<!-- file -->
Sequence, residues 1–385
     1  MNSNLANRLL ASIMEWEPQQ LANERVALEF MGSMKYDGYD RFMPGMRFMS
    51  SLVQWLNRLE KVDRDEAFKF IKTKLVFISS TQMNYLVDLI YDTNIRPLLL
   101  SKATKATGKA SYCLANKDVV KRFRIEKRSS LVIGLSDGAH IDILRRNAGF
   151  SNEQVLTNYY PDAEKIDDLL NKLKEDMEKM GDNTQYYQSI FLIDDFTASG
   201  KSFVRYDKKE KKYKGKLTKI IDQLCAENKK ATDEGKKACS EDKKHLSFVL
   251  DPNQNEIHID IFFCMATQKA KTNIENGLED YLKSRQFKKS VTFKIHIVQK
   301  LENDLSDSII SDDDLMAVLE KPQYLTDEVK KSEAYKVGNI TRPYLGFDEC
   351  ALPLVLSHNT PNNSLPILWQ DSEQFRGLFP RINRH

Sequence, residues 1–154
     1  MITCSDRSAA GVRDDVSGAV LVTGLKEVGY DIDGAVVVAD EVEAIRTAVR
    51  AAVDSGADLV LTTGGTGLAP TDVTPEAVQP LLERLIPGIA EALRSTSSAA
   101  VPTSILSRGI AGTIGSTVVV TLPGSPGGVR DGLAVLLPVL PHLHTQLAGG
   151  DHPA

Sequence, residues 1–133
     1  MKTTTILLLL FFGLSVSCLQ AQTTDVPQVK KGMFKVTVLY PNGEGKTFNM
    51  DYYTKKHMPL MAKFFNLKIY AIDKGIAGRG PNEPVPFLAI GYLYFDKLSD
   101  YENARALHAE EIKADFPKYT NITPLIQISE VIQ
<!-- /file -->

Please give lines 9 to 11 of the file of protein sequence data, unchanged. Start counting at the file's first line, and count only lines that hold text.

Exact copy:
   351  ALPLVLSHNT PNNSLPILWQ DSEQFRGLFP RINRH

Sequence, residues 1–154
     1  MITCSDRSAA GVRDDVSGAV LVTGLKEVGY DIDGAVVVAD EVEAIRTAVR